When You’re 10

The puppy-to-dog process is way, way too quick.

The puppy-to-dog process is way, way too quick.

Miles run today: 0 (long run tomorrow)

Letters received from my sister as a result of my Unofficial Handwrite-a-Letter Day: 1 (yay!)

Age of my baby today: 10

My baby girl turns 10 years old today. (Yes, if you keep up with the blog, you’re probably wondering, “Didn’t we just do this?” My son and daughter are a mere six days (and two years) apart in age.)

She has a penchant for fluffy boots and chocolate, a wildly imaginative inner world and blue eyes that can slice you in half if you aren’t careful.

Back when I was 10, my teacher was a prim, petite, older (50!) woman who tried very hard not to smile at our fifth-grade antics and mostly succeeded.

She was the architect of my first fateful newspaper project, the one that seemed to go on and on and on… and would set a weird precedent for later, more doomed newspaper projects.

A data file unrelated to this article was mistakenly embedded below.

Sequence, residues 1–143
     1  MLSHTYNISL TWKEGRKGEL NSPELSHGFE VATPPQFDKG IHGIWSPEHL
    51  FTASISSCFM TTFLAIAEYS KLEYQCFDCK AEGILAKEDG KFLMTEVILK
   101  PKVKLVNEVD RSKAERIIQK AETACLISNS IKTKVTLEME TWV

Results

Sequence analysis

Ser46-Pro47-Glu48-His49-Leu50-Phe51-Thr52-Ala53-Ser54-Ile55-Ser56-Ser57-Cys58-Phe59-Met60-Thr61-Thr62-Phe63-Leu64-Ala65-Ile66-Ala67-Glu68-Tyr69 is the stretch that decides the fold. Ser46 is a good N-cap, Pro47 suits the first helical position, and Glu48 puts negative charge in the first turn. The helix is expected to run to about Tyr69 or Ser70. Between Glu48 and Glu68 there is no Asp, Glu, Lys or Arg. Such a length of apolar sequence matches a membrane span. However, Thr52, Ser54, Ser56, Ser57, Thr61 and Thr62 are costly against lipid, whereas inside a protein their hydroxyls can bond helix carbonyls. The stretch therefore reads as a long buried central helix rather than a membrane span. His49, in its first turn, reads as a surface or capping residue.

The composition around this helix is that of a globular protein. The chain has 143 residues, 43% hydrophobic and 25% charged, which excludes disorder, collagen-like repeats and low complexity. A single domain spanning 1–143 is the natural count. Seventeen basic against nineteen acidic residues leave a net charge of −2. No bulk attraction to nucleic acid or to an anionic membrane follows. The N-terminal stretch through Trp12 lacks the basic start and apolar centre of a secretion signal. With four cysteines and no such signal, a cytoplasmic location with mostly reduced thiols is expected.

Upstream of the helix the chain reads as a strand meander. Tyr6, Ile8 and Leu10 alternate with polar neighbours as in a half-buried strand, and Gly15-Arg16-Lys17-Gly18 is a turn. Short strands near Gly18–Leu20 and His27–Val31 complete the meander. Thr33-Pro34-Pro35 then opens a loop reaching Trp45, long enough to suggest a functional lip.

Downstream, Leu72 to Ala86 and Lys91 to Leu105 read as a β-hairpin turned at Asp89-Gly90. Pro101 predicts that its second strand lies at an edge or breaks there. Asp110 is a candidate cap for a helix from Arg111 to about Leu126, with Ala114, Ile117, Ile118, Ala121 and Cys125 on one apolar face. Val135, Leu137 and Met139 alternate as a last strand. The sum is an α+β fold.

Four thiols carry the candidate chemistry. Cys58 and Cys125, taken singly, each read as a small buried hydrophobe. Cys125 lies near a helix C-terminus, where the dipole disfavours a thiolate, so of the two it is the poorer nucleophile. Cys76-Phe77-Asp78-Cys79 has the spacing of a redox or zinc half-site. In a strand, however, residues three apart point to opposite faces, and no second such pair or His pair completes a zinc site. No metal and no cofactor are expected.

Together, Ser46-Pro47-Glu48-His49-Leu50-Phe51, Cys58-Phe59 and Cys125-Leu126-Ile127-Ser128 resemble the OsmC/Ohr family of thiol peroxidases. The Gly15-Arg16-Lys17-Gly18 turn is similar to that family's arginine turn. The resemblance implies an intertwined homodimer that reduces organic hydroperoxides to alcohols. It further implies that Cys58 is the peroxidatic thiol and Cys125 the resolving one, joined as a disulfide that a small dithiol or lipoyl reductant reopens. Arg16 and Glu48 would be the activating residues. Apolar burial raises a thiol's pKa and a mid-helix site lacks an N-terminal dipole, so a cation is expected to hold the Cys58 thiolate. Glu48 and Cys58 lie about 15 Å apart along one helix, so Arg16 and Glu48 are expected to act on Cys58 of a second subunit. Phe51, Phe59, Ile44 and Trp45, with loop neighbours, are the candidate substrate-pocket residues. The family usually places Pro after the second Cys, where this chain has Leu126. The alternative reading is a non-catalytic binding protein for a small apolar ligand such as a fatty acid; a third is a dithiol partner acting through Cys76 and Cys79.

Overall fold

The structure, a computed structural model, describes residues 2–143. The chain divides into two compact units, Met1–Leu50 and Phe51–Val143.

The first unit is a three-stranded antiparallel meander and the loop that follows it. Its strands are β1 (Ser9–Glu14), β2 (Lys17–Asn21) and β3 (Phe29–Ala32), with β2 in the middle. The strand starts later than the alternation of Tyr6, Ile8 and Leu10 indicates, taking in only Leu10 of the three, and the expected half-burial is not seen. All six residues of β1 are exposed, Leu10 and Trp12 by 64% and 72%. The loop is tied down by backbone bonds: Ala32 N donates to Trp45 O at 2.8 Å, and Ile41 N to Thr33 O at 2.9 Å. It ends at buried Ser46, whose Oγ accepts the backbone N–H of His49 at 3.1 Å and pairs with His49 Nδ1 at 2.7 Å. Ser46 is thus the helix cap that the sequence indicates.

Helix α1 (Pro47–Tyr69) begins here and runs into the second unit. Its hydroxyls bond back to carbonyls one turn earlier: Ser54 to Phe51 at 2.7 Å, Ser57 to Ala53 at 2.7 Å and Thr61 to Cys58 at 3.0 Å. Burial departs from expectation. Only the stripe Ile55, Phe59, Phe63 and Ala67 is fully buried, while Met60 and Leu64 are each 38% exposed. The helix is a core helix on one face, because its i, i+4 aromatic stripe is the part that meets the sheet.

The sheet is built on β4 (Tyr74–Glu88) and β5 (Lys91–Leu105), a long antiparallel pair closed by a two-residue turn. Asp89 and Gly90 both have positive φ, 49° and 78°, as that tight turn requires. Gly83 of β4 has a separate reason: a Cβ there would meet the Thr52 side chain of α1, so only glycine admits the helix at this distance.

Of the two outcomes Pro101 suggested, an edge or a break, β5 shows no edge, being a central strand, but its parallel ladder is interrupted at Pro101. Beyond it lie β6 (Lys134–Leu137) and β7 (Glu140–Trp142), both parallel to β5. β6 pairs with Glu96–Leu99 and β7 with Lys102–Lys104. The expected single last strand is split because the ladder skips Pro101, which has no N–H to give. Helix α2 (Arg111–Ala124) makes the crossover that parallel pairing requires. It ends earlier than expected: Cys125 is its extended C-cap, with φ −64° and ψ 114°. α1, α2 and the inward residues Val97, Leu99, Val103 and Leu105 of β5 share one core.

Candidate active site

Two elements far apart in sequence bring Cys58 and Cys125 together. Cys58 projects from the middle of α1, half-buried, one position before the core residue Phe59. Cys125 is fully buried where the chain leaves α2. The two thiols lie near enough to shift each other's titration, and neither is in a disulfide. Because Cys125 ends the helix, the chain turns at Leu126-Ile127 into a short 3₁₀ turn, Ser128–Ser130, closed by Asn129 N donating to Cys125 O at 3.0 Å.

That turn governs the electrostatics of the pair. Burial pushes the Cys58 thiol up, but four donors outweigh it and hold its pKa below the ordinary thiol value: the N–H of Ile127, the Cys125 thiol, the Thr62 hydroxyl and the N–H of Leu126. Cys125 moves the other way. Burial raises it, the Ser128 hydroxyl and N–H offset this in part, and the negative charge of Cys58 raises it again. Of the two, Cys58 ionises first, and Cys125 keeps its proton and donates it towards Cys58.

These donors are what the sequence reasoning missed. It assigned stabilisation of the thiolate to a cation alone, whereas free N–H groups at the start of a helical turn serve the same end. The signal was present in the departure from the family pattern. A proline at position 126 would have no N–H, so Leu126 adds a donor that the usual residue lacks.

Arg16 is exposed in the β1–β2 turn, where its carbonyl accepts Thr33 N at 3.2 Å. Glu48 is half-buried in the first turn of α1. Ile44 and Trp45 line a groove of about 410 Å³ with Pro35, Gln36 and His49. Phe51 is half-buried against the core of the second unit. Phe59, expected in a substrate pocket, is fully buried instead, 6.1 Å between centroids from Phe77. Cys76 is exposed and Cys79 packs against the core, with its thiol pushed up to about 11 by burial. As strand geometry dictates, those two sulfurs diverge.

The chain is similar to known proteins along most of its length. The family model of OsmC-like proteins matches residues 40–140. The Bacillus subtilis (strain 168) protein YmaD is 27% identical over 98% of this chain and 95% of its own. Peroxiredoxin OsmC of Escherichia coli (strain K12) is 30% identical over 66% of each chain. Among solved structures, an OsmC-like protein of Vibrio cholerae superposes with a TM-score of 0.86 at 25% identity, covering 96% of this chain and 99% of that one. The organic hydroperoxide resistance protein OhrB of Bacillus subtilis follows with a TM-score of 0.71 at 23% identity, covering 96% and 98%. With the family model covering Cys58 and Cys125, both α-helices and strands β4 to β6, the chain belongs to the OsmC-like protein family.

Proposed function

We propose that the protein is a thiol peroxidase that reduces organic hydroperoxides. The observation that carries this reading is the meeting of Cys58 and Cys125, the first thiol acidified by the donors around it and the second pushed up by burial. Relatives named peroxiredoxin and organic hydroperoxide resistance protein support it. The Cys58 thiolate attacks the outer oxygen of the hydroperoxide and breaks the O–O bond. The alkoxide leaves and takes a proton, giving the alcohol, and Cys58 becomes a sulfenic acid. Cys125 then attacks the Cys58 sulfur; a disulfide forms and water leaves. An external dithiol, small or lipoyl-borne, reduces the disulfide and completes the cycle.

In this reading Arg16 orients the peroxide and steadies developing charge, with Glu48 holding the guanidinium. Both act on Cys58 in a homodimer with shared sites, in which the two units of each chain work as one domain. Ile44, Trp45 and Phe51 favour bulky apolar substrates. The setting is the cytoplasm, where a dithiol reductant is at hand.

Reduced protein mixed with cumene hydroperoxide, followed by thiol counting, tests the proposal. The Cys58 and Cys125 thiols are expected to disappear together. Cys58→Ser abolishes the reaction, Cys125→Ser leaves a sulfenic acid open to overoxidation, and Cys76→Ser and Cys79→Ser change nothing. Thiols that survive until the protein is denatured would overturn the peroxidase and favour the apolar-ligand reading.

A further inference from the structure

She was the impetus for my first nonfiction presentation to the class in which I used a plastic Smurf sailboat to explain fore and aft, port and starboard to my classmates.

And she became the reluctant sex ed/body development teacher she never wanted to be. When one of my friends got what she thought was her period, it set off a crazed fifth-grade rumor mill and parental letter campaign that forced my teacher to address the misinformation, horror and general unrest by teaching us about our bodies long before she was prepared. I felt for her; comprehensive sex ed was not part of her repertoire.

It was a strange year.

When I was in fifth grade, the teenage daughter of another fifth grade teacher was kidnapped from the parking lot of her job at Fashion Bug.

When I was in fifth grade, I went to sleepovers that my mother cringes about to this day, where we left the house in the middle of the night and roamed the neighborhood just because. The mom was MIA.

And when I was in fifth grade, I took one of the worst class pictures ever invented in the history of class pictures that my “friends” have now posted on Facebook. Totally, gag me with a spoon.